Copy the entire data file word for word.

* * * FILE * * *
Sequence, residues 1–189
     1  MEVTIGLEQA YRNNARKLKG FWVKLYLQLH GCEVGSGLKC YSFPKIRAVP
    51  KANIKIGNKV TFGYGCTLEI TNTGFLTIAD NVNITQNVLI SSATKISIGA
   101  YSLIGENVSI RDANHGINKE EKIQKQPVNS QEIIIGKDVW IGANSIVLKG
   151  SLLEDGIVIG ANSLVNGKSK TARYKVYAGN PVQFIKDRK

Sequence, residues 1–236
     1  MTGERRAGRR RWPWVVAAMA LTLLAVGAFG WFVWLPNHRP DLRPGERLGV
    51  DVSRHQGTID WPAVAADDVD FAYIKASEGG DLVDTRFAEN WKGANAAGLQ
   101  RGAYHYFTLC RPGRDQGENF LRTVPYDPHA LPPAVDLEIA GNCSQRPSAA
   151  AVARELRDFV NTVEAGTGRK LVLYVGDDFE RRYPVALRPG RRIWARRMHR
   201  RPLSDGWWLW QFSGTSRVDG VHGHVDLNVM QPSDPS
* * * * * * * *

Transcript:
Sequence, residues 1–189
     1  MEVTIGLEQA YRNNARKLKG FWVKLYLQLH GCEVGSGLKC YSFPKIRAVP
    51  KANIKIGNKV TFGYGCTLEI TNTGFLTIAD NVNITQNVLI SSATKISIGA
   101  YSLIGENVSI RDANHGINKE EKIQKQPVNS QEIIIGKDVW IGANSIVLKG
   151  SLLEDGIVIG ANSLVNGKSK TARYKVYAGN PVQFIKDRK

Sequence, residues 1–236
     1  MTGERRAGRR RWPWVVAAMA LTLLAVGAFG WFVWLPNHRP DLRPGERLGV
    51  DVSRHQGTID WPAVAADDVD FAYIKASEGG DLVDTRFAEN WKGANAAGLQ
   101  RGAYHYFTLC RPGRDQGENF LRTVPYDPHA LPPAVDLEIA GNCSQRPSAA
   151  AVARELRDFV NTVEAGTGRK LVLYVGDDFE RRYPVALRPG RRIWARRMHR
   201  RPLSDGWWLW QFSGTSRVDG VHGHVDLNVM QPSDPS